Eco-babble: Seafood eco-labels not always reliable, says study
- [EXCERPT: "Many of the Marine Stewardship
Council's claims are "eco-babble" and very
misleading .... " " .... Much of the krill
caught is used to feed farmed fish, pigs and
chicken and "any fishery undertaken for fish meal
should not be viewed as responsible or
sustainable, and should not qualify for MSC
certification.... " ]
Fish stories: Seafood eco-labels not always reliable, says study
By Margaret Munro
September 1, 2010
VANCOUVER - So much for guilt-free seafood.
An international program run by the Marine
Stewardship Council purports to certify only
sustainably harvested fish but is "failing" to
protect the environment and needs radical reform,
says a highly critical report released Wednesday.
Many of the MSC's claims are "eco-babble" and
very misleading, Jennifer Jacquet, a University
of B.C. researcher and co-author of the report,
said this week as she checked out the seafood at
Capers, a trendy grocery store in Vancouver.
Fresh halibut was selling for $49.90 a kilogram
under one of the council's aqua blue signs
guaranteeing "sustainability" and "a sound
The certification program is run by the
non-profit council based in London. The MSC's
blue "eco-labels" can be found on seafood sold at
Capers, Whole Foods Markets and Walmart in North
America and many stores in Europe.
Controversy has been brewing over the
certification program for years but the MSC's
recent decision to slap its eco-label on an
Antarctic krill fishery prompted the researchers
to spell out their concerns in the journal Nature
this week. Jacquet is a resource management
specialist who authored the report with noted UBC
fisheries biologist Daniel Pauly and colleagues
in the U.S. and Italy.
In May, the council certified the krill fishery,
despite scientific evidence that suggests the
shrimp-like creatures at the base of the
Antarctic food chain are in decline. Much of the
krill caught is used to feed farmed fish, pigs
and chicken and "any fishery undertaken for fish
meal should not be viewed as responsible or
sustainable, and should not qualify for MSC
certification," the researchers say.
Co-author Paul Dayton, at the University of
California's Scripps Institution of Oceanography,
said the krill certification "is an embarrassment
as it flies in the face of existing data and
denies any sense of precautionary management."
The MSC argues that the less than one per cent of
krill is under fishing pressure.
The report also takes issue with the way the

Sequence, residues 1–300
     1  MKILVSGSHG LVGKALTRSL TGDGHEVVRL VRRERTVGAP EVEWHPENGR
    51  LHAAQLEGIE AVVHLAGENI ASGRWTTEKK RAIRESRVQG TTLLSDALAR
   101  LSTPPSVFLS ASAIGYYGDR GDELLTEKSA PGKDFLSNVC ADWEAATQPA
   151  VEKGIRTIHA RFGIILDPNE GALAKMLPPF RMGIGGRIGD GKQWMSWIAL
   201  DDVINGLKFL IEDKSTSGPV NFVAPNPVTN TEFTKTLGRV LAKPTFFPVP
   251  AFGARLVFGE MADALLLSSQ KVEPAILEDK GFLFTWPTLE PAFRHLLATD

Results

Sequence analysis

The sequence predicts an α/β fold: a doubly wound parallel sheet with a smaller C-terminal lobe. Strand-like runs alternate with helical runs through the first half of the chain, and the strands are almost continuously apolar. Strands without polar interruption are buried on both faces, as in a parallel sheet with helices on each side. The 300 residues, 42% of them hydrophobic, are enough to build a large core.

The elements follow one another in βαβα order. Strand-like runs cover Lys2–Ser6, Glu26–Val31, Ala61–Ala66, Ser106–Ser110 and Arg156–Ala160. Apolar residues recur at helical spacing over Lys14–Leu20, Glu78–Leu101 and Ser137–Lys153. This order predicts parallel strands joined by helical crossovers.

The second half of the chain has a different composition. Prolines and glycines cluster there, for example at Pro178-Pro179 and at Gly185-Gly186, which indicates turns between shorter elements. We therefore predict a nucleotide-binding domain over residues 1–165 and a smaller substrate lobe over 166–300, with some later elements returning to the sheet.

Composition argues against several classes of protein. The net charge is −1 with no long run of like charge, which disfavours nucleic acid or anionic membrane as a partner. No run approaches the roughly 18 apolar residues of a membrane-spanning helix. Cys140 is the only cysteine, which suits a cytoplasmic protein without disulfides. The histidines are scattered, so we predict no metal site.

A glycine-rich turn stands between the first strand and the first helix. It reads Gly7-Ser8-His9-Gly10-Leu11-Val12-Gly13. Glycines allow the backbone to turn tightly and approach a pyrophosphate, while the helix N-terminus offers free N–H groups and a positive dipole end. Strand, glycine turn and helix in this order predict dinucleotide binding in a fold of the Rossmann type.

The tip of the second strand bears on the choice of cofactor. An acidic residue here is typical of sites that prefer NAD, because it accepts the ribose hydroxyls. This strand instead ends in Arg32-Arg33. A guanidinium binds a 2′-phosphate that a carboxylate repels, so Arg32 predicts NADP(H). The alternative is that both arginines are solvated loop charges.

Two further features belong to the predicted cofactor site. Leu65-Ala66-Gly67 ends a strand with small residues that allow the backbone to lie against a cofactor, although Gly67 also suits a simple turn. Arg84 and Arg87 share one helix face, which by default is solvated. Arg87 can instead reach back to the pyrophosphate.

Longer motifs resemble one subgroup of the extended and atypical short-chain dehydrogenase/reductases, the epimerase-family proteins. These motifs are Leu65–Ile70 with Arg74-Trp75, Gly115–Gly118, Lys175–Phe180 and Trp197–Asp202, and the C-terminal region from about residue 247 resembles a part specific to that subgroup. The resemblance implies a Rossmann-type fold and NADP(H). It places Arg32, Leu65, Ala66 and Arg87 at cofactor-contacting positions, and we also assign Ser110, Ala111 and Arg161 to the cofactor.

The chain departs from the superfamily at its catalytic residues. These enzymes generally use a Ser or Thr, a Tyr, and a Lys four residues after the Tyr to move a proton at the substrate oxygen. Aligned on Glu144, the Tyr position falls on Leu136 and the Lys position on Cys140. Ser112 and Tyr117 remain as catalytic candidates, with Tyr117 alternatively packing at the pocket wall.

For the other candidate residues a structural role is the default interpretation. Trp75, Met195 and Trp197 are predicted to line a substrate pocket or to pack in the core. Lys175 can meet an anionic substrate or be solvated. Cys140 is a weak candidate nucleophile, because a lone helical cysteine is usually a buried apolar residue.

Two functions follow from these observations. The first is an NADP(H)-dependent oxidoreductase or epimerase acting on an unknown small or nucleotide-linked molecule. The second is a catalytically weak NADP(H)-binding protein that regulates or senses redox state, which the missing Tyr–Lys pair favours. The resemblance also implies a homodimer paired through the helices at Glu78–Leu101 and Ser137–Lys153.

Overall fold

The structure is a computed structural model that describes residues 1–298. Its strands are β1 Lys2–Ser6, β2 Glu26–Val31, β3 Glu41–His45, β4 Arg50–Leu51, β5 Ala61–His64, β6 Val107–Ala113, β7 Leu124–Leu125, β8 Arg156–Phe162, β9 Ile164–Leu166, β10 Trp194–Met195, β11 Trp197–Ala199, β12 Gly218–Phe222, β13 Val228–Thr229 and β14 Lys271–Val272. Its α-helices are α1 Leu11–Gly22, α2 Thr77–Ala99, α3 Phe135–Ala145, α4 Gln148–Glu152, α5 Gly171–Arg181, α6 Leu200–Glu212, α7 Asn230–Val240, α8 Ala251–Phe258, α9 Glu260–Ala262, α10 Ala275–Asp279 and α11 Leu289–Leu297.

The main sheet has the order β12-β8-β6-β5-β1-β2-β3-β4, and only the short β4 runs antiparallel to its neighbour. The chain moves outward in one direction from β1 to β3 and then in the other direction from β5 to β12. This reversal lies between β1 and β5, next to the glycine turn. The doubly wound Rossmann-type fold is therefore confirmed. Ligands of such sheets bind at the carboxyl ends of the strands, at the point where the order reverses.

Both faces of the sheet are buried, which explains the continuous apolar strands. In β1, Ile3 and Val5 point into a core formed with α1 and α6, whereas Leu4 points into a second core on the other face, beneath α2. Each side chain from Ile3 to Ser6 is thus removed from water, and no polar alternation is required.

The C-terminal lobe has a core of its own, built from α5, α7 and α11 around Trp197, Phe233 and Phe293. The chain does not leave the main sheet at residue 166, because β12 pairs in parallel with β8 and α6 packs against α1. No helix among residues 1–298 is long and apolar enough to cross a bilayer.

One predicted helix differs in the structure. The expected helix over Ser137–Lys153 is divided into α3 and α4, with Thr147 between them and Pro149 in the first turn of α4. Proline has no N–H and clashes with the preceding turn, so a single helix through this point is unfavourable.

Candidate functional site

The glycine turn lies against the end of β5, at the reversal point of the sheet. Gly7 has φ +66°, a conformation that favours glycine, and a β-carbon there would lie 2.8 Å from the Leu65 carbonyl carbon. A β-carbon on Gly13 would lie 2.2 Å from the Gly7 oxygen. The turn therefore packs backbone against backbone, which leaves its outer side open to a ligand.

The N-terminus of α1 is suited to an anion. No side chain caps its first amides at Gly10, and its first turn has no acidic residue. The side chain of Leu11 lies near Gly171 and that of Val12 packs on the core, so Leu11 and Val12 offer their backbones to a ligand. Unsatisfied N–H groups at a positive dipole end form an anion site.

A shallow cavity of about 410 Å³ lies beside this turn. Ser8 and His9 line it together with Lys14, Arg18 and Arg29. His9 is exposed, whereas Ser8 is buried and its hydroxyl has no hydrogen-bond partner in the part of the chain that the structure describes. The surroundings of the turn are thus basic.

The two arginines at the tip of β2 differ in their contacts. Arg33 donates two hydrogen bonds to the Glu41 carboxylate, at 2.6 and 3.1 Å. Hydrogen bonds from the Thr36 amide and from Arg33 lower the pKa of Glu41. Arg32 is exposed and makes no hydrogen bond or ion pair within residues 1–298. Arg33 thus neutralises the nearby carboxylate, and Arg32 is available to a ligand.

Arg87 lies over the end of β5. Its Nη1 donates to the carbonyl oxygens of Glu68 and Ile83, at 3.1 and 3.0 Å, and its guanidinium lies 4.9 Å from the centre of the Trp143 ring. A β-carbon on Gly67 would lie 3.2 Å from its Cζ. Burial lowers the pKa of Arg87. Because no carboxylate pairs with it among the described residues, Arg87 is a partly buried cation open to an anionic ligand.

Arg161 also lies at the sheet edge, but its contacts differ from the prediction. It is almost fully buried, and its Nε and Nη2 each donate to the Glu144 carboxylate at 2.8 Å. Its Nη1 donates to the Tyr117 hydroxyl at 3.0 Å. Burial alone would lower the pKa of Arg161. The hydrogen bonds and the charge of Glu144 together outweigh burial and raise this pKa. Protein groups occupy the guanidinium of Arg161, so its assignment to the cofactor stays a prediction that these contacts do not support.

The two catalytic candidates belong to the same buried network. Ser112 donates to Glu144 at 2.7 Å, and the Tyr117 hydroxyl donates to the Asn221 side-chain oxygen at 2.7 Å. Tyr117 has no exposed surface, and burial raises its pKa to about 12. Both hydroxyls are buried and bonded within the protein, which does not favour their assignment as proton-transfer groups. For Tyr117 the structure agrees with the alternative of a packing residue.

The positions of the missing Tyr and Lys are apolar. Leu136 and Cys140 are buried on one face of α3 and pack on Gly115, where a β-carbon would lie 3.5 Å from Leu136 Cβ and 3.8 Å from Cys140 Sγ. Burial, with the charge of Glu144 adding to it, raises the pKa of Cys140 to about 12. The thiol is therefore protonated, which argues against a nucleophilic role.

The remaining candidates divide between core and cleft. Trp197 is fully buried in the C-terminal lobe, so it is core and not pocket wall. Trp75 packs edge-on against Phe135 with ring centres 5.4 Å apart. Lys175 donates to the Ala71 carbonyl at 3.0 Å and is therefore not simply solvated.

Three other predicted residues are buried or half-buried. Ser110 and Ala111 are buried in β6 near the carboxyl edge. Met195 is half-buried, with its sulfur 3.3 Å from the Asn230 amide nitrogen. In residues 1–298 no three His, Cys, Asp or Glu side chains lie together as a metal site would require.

council's eco-labels adorn fish that have
undergone serious declines.
The U.S. trawl fishery for pollock in the eastern
Bering Sea is the largest certified fishery, with
an annual catch of one million tonnes. "It was
certified in 2005, and recommended for
recertification this summer, despite the fact
that the spawning biomass of those pollock fell
by 64 per cent between 2004 and 2009," the report
"Similar declines in biomass" have occurred in
Pacific hake, the report says, noting that the
hake "was certified in 2009 despite a population
decline of 89 per cent since a peak in the late
The researchers say "certification should not be
granted until a fishery is shown to be actually
The council acknowledges the hake and pollock
have seen "declines" but insist the fisheries
deserve certification. "The stock is rebuilding
and continued improvements in Alaska pollock
biomass is expected as favourable conditions
prevail," said Mike DeCesare, director of MSC
communications in North America.
The council was created in 1997 by the World
Wildlife Fund and Unilever, one of the world's
largest seafood retailers. It has certified 94
fisheries which account for about seven per cent
of the global catch, including several in
It is now assessing 118 more fisheries, including
the Antarctic toothfish, which is sold as Chilean
sea bass. Many environmental groups oppose
certification of the toothfish, and with good
reason, says the Nature report: "Almost nothing
is known about this fish: no eggs or larvae have
even been collected."
Jacquet, Pauly and their colleagues are calling
on the council to adopt more stringent standards,
crack down on its "arguably loose interpretation"
of sustainability, and alter its process "to
avoid a potential financial incentive to certify
If the current certification "scheme" doesn't
undergo "major reform" they say, there are
"better, more effective ways" to spend the MSC's
$13 million-a-year budget, such as eliminating
harmful fisheries subsidies, or creating
marine-protected areas. Such measures could "have
a real impact on the water," said Jacquet.
She said the reality is that there is not enough
seafood to meet the current global appetite.
Consumers need to accept the need to "scale back
on consumption," she said, and at the same time
"hassle" politicians and industry to take
concrete steps to better protect fisheries.
At Capers, the staff selling fish under the MSC
label referred queries to Vicki Foley, in public
relations at Whole Foods Market, which owns
Capers. Foley did not return calls before
deadline. A salesclerk said that Capers is no
longer selling supplements made from krill
because of "ethical" concerns. But she said she
could special-order the krill supplements if
customers want to buy them.
DeCesare, at the MSC, said the report in Nature
is the "personal opinion" of the authors. The
council, he said, bases its certification on
"rigorous and independent science."
"There is no question that improvements in the
MSC standard will continue to enhance its
effectiveness," DeCesare said by email. "But the
facts also demonstrate there is no question that
for more than a decade the MSC, along with its
many partners, has been contributing
significantly to environmental progress around
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